Chicken- A Fairly Recent Addition To The Human Diet
As discussed in the previous article- Meat- What You Need To Know, humans only began eating domesticated animals some 10,000 years ago.[7,8,9] A time frame that may appear to be a long time, but considering that for the better part of 2.4 million years our animal proteins foods came only from wild animal meat and wild plants, it is less than .04% of our time on the planet.[8,9] One prominent theory is that all animals, (us included), are genetically adapted to the environment in which they were formed and thus any new form of diet or lifestyle that the human genome has not had adequate time to adapt to- or is not part of our evolutionary conditioning may manifest itself in the form of chronic disease.[7,8,9,10] This theory explains the high rate of what are commonly termed ‘Western diseases’ or ‘diseases of affluence’ such as heart disease, obesity, hypertension, diabetes and other diet and lifestyle related illnesses that are not prevalent in non-Westernized societies. [7,8,9,10,11,12,13,14,15,16]
Sixty four million Americans suffer from cardiovascular disease in some form or another and if you are reading this in the United States or any other developed country, chances are that you are 500 times more likely to die from a heart attack or diet related disease than any other possible cause of death. [17,18] A sobering statistic to say the least, and an ironic one at that given that our ancestors spent millions of years without cardiovascular or any diet related disease being an issue.[7,8] Instead they worried about the very real threat of early death from events that were relatively out of their control such as accidents, malnutrition, communicable diseases, infections, wars and childbirth. Events that advances in modern medicine, food availability and social structures have made comparatively rare in the developed countries of the world. Yet we have replaced those threats with a food environment where the decisions we make regarding what and how we eat will be ultimately responsible for length and quality of life. While several epidemiologic studies have found correlations between higher meat intake and an increased risk of death from cardiovascular disease[66,67,68] it must be noted that all of the chicken, beef or pork consumed by individuals monitored or surveyed in these studies were raised in Westernized commercial farms.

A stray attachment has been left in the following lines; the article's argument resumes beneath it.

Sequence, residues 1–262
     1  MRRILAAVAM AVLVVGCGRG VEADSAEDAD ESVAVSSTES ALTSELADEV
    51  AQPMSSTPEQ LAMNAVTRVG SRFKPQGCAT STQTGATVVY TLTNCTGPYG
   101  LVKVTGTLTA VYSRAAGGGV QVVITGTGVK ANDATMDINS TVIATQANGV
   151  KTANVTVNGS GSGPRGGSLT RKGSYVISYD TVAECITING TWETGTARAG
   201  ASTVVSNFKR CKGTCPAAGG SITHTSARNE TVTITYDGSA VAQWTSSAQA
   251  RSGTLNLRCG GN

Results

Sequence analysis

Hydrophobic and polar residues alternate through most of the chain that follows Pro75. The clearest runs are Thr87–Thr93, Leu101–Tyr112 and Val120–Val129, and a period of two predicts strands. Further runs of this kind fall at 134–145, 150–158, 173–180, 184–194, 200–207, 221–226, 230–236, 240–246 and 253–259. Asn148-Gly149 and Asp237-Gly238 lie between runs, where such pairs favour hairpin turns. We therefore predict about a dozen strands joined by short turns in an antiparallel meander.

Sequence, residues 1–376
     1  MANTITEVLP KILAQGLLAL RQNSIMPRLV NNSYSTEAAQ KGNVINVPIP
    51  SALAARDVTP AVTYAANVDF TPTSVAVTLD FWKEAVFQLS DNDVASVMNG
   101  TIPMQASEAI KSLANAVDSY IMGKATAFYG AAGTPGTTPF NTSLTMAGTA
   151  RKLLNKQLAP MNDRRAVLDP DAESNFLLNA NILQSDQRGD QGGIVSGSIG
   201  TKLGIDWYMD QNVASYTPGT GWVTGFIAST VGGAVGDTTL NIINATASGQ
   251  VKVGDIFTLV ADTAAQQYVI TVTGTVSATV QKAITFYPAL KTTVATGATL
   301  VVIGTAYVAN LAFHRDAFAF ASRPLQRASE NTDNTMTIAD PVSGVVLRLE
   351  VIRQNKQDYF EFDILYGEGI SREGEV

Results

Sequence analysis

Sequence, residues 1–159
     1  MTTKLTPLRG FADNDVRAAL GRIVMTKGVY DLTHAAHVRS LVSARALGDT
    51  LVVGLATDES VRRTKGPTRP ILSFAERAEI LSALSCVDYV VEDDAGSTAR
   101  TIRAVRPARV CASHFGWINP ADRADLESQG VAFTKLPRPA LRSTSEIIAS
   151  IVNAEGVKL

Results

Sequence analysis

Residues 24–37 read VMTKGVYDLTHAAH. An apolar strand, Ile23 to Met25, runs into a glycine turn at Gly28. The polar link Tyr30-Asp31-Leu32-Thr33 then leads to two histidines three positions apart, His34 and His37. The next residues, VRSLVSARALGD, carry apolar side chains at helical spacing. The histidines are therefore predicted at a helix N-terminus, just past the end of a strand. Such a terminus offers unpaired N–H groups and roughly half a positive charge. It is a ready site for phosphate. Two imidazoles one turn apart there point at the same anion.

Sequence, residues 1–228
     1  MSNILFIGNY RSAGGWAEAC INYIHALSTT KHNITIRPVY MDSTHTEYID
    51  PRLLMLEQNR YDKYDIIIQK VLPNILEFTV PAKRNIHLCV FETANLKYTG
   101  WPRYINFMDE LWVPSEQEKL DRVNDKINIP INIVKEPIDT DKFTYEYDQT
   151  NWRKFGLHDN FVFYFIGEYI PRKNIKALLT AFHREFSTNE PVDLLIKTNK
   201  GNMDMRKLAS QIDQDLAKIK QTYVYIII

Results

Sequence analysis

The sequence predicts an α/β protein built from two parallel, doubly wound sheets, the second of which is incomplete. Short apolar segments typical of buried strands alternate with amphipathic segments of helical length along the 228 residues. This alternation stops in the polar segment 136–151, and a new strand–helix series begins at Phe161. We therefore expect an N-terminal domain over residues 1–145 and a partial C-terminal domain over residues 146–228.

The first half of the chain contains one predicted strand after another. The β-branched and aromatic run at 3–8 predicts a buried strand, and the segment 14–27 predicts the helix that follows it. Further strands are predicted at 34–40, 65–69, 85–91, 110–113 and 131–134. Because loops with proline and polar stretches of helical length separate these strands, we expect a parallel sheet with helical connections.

No study has ever been able to find any such correlation between heart disease, cancer or diet related illnesses and high meat consumption among hunter gatherer or non-Westernized small scale pastoral populations who consume as much if not more animal proteins than we do in developed countries. [20, 56, 57, 58, 59, 60, 61, 62, 63, 64, 65] Many pastoral non-Western societies have chicken as an occasional part of their diets as well without ill effect, and the same observation can be made of the occasional consumption of chicken raised by subsistence farmers over the past several hundred years. That being said, the smoking gun points not to chicken or high animal protein diets but to the nutritional differences between the birds we eat here in the West today and the ones we have been eating for centuries. (See my article- How Much Protein Do You Need for more information)
Free Living Chicken- What They Naturally Eat
Chicken might be a relative newcomer to our diet, but we have been eating wild birds for quite some time now. Chickens are a subspecies of Red Junglefowl, a tough and hardy bird that was originally domesticated in Asia, Africa and Europe not as a food source but for the purpose of staged cockfighting. Their ability to eat just about anything, (under free living conditions chickens eat worms, insects, seeds and even small animals like lizards and mice), and their propensity to quickly reproduce without much in the way of care made them a valued source of eggs and occasionally meat over the course of history. By the beginning of the 20th Century, almost every farm in the United States had a small flock of chickens. Free ranging and searching the soil for their food, these scrappy birds did not become a major addition to the Western diet until two major events changed our supply of chicken forever- the development of vitamin supplements and World War II.